The Bladez rowing machine range is from BH Fitness, the Spanish fitness name that has over 100 years experience in the game. We tried the younger brother in the range a while back and was impressed - see the link for the Cascade below in 'Also worth a look' to read that review.
So we were looking forward to getting on the next one up, the oddly-named Transom (I mean, why name a rowing machine after a flat beam that re-enforces the back end of a boat?) Anyway, let's not get too worked up about the name, what about the machine?
Well, to be brutally honest it was a big let down. While it's not a particularly bad rower, it just doesn't excite. And for around $200 more than the Cascade we didn't think it lived up to the billing. Add to this the fact that there are some very good machines in and around this price bracket, and it gets harder to recommend this model over its competitors - again see 'Also Worth a Look' below.
If you're still here, then we'll get onto the nuts and bolts review.
The Transom comes in two boxes and took just over thirty minutes to put together thanks to good instructions and everything being as stated on the box.
The rowing position is good and the seat position is high like a commercial model, but the seat is the same as you'll find on a number of budget models and whilst it's okay, you'd probably expect better for the price. The footrests are good and while hold your feet nice and secure in position - essential when you're flat out and up for a PB for 2000 meters.
The beam is long and great for rowers over 6' 1" to get the full movement. We also liked the angled beam as it adds a little extra kick to your workout. But, yes here we go again, two reviewers noted that the seat wasn't as smooth as it perhaps should be - but note, both these users were over 220 lbs so this may be the issue, although the specification states a maximum user weight of 300 lbs. The curved handle is a good feature in our view and the chunky grips help to reduce hand blisters.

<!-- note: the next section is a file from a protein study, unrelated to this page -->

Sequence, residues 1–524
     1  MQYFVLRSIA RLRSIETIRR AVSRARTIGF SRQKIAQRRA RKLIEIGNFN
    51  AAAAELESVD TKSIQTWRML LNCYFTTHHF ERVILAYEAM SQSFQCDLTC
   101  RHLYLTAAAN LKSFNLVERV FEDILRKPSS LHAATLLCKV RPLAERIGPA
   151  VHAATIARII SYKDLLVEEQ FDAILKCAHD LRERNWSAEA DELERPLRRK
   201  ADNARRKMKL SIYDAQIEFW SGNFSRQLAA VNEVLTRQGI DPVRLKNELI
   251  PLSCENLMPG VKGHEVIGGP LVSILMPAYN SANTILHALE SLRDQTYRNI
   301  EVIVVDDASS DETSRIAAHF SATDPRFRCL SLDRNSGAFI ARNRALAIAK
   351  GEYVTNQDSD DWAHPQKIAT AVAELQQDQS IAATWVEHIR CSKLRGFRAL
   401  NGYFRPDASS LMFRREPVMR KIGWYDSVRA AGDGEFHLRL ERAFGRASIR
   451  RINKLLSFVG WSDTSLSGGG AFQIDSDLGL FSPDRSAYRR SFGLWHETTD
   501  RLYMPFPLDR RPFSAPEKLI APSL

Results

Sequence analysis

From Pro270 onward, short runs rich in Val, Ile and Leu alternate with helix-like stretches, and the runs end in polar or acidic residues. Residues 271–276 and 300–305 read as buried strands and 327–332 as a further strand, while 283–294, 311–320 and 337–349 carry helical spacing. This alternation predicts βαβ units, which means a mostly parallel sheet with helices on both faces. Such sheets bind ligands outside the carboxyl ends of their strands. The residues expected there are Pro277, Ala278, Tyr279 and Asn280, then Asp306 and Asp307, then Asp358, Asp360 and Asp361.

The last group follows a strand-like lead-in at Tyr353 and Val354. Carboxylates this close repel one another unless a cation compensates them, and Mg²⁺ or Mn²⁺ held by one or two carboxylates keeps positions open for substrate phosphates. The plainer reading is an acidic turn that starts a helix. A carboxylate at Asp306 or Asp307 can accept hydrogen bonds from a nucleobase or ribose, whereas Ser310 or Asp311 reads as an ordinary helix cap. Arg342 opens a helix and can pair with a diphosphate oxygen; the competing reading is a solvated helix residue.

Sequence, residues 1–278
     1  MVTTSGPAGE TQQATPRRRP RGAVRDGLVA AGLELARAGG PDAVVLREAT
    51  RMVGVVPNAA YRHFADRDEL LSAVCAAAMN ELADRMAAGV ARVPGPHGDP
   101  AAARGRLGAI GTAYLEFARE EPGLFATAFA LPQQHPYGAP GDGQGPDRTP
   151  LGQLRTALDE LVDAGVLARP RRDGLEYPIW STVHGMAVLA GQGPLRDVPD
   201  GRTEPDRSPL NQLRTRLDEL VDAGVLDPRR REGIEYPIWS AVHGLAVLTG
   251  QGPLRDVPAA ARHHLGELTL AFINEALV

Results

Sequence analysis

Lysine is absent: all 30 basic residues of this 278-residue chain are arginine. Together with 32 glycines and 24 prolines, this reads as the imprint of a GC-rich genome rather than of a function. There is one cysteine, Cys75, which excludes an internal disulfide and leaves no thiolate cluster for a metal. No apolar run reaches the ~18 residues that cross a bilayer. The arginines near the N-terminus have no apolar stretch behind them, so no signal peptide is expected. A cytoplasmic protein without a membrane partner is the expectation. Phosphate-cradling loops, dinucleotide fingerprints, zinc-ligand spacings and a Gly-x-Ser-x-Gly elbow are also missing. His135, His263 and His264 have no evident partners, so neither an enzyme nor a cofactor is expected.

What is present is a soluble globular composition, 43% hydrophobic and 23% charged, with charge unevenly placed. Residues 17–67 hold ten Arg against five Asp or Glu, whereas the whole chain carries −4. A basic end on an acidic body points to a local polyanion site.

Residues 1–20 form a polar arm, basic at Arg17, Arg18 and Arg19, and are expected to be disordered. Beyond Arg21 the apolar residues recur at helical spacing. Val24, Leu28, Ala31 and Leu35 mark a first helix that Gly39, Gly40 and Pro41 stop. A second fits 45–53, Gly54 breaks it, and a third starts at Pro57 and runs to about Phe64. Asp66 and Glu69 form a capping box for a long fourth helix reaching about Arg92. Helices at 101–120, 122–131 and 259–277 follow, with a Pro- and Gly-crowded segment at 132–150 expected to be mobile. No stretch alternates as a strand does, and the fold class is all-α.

The Display/ Monitor
The LCD monitor is easy to read and display all the data necessary to log your progress such as distance, time, speed and strokes etc. But, and bear with us folks, this is a big but - we've had two reviewers experience a similar problem to the guy called Adam who's posted an extensive description on Amazon. This led to the accuracy of the 500 meter split times being called into question due to the alignment of sensors on the flywheel. We've had two reviewers who did not have this problem, but if you're paying a fair sum for a machine you don't expect to see this sort of thing.
The Transom comes with a good selection of seventeen pre-set programs including recovery, race-boat and the useful heart-rate controlled programs. The combination of magnetic and air resistance provides 16 levels of resistance with a good range to allow for a relaxed row up to a muscle sapping workout. The monitor is simple to use with one-touch buttons and can easily be controlled when it use. However, unlike others in this price range you cannot store your workout data onto a PC or Smartphone (a la Concept2)
A disappointing rower when you consider how good the Cascade model is in comparison and costing a lot less. Yes, it has the super quiet action that may suit those living in an apartment or where sound is an issue, but it has very little else to recommend - especially when you look at the price tag.